U.S.A., Washington State. USDA zone 8b. Sunset climate zone 5

Saturday, May 20, 2017

The Dog on My Blog

For my gardening and blogging friends - just to let you know that Amur, 
whose image you see in the blog's header picture, 
transferred his garden helper's duties to Kenai, our young shepherd, 
and joined our first shepherd, Julik, somewhere in different world.

I posted this picture on Instagram in May:
"Habit? Loyalty? Love?
He is old, he is thin, he is deaf, he is incontinent, he drags his back paws,
he scoots often, but he still looks for me, follows me to the garden
and then, lies down nearby."

Farewell my Friend

***Copyright 2017 TatyanaS

Wednesday, May 3, 2017

Several April Garden Pictures

There were very few sunny days in April, but when we have such a day, the sigh of relief comes: It was worth waiting for!
And, if not rains, would we have such lush emerald greenery and an abundant variety of plants? Probably not.
Anyway, the following are some pictures from my April garden, starting from April 10th.

Last fall, I made some changes in the Terrace Garden (I also call it Cottage Garden): moved away tall Joe-Pye weeds,
considerably cut the number of monarda and daisies.
relocated some other perennials, etc.

 The view of the Terrace Garden from the back porch.
Magnolia, in the background, is blooming later than usual.

Myosotis, Forget-me-not, proves its name: you planted it once and have it forever!

 I took this picture standing on the ladder while pruning grape vines on the gazebo.

 Japanese Maple Deshojo, on the right, acts exactly as described: pink leaves in spring and fall, and green leaves during summer.

Hyacinths grow on the back hill and are visible from all the back windows.
I had a chance to see them through all the stages: green tops' emergence, growth, bloom and fall.

For more than a month, Muscary, Grape Hyacinths, have been decorating the area around the back porch and one of the pots with palm trees.
Why only one? Because, it wasn't  actually a plan to plant them below the palms.
Several years ago, I spontaneously grabbed a clump of little hyacinths and tucked it in one pot.
Look at them now - they multiplied enormously. I never did the same with the second palm tree pot.
Maybe, will do it now, after the bloom.

These English daisies are so lovely! I bought them just because I like their cute white button-like flowers. They make company for a bunny and were part of the Easter-time decor:

Part of my April plant finds from the NPA sale: Iris Siberica, Rodgersia p. 'Bronze Form',
Geranium phaeum 'Samobor', Camassia l., Cimicifuga b., Pelargonium crispum (Lemon scented)

For some time, they decorated a big pot in front of the garage:

Two turquoise pots were a spontaneous buy, two for one sale at Molbak's.
We know there can't be too many pots!
Honestly saying, I love them even empty.
Their jewel color brightens any cloudy day (which we are having more than usual!).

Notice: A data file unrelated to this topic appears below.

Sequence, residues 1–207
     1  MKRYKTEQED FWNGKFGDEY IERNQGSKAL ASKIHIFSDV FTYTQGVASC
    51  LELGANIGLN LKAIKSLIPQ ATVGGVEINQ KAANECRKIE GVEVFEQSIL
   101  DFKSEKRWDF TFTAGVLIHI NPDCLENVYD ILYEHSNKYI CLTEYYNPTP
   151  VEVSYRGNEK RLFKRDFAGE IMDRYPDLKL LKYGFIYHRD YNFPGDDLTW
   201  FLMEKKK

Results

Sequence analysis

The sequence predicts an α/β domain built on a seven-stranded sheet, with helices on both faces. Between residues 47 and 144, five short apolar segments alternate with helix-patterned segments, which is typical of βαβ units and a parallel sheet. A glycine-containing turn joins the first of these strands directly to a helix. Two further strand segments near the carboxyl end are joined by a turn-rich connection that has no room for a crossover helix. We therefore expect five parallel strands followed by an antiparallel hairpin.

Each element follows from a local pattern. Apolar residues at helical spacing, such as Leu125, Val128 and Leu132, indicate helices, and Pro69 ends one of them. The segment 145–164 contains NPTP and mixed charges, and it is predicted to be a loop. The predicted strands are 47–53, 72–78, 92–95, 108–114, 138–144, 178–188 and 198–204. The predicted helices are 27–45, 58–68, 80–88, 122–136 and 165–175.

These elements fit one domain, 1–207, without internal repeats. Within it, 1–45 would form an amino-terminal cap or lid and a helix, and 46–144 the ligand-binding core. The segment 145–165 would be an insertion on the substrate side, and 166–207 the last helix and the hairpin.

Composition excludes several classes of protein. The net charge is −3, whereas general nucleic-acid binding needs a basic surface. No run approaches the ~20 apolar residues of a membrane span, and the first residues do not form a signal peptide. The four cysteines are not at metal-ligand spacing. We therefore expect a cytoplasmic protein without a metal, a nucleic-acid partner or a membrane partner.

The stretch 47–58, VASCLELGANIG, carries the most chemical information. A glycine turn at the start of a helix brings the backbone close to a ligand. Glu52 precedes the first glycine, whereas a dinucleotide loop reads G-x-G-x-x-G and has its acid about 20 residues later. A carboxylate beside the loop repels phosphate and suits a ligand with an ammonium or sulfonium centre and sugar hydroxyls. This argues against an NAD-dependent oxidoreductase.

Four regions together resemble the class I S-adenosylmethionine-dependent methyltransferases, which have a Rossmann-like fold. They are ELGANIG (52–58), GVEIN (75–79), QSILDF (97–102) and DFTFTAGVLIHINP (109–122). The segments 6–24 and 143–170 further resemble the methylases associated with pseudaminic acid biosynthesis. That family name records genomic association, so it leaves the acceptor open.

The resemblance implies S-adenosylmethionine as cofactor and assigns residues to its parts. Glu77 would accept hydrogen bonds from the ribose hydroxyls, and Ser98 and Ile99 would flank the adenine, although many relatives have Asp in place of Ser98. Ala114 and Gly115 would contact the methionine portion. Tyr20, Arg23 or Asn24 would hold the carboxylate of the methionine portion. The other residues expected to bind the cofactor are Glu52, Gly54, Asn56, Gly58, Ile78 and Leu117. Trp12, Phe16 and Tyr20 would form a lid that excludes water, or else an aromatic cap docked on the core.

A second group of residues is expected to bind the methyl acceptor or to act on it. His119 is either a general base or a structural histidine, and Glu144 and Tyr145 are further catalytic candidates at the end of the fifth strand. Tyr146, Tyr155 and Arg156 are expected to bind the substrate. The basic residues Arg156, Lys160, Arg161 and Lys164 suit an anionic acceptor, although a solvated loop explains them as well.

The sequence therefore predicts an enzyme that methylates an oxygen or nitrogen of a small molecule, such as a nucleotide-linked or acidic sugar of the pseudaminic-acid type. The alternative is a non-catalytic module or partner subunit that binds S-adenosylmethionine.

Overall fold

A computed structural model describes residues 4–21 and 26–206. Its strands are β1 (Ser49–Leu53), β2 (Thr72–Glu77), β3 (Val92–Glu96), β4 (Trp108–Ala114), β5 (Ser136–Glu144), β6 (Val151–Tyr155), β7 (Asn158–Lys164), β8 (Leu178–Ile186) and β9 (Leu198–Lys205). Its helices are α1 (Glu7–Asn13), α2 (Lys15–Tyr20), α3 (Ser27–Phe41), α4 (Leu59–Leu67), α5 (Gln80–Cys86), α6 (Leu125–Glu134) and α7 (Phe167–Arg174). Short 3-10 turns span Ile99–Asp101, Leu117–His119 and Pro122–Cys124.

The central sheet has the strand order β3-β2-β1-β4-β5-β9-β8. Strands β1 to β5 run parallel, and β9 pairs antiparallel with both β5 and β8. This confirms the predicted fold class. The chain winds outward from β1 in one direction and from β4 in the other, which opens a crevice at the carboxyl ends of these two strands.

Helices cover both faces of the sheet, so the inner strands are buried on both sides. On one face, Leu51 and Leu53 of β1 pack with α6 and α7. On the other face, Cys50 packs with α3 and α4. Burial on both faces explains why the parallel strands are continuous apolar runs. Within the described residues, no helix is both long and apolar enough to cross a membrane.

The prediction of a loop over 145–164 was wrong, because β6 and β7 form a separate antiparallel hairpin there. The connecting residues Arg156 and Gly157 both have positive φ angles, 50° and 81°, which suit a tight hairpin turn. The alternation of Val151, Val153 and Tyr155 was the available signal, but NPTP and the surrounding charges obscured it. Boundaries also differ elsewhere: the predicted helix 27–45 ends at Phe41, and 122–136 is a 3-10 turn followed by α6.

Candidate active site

Three new rhododendrons arrived home with us from our visit to Christianson's Nursery after the Skagit Valley Tulip Festival: Blue Baron, Rhododendron yakushimanum x pachysanthum and Moonstone.

The color of Blue Baron's blooms is mesmerizing

Large-bloom pansies like this spring's cool weather, and manage to keep their charm even with excessive moisture.

This is our current project - to provide a way for heavy rain water to escape the garden and remove a huge puddle on the sidewalk.
Theoretically, the trench could be wider, but this width is enough (tested!), and I don't want it to become a prominent feature of the garden.
This is an earlier picture, not showing the drainage rocks now in place:

Gunnera m., in the center of the above picture, successfully overwintered and soon will attract everyone's attention with its huge leaves.
Japanese maple (Thank you Radell!) on the right tolerated well the transition from the pot to the ground and looks happy.

My new Rodgersia 'Bronze Form' has some sun and enough moisture here. Hope it'll grow well!

Candelabra Primrose self seeded and promises to be as beautiful as last season (Thank you, Karen!).

This Rhododendron is certainly not happy. Although, its single bloom is a sign of progress in comparison with last spring.
I guess the lack of sun and nearby Arborvitae roots can be two factors of its unhappiness.

This old bird cage is not here as an element of the garden decor.
I'm trying to protect my Hosta plants that are on the rabbits' menu.
They left many plants damaged already.
I also use tomato cages for anti-rabbit protection.
Liquid Fence is a good way to protect the plants, but all the rains wash it out fast.

The right border is filling up. I constantly make it wider by cutting off part of the lawn.

Camellia in the pot is still waiting when I find a good spot for it in the garden.
But, even in the pot, it gives plenty of flowers.

Ligularia is a target for slugs. I moved it to a pot after failed attempts to protect it while in the ground.

Larix decidua 'Pendula' will be moved somewhere too, but so far, two of the plants grow in the pots on the back porch.
It's seen through the French doors in the breakfast area.  What a pleasure to watch its crown lit by the afternoon sun!

Below, my long-awaited project - removing a huge grass clump from the Front Bed.
It turned into a giant monster thanks to morning sun and a sprinkler head nearby.
It was not an easy job to dig it up! Heavy!

'Moonstone' Rhododendron took the grass clump's spot.

These two rhododendrons are still waiting their turn to be planted:

It's a busy time in the garden.
While wet and cool, the spring is nevertheless exciting and beautiful.

***Copyright 2017 TatyanaS

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